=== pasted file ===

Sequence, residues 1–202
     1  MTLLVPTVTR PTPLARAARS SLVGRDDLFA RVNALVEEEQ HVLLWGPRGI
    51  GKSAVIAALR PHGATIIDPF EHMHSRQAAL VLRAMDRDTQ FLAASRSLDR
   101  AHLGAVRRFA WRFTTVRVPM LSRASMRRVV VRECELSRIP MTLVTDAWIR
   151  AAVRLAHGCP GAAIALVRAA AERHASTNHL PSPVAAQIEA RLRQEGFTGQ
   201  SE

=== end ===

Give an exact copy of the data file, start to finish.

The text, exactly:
Sequence, residues 1–202
     1  MTLLVPTVTR PTPLARAARS SLVGRDDLFA RVNALVEEEQ HVLLWGPRGI
    51  GKSAVIAALR PHGATIIDPF EHMHSRQAAL VLRAMDRDTQ FLAASRSLDR
   101  AHLGAVRRFA WRFTTVRVPM LSRASMRRVV VRECELSRIP MTLVTDAWIR
   151  AAVRLAHGCP GAAIALVRAA AERHASTNHL PSPVAAQIEA RLRQEGFTGQ
   201  SE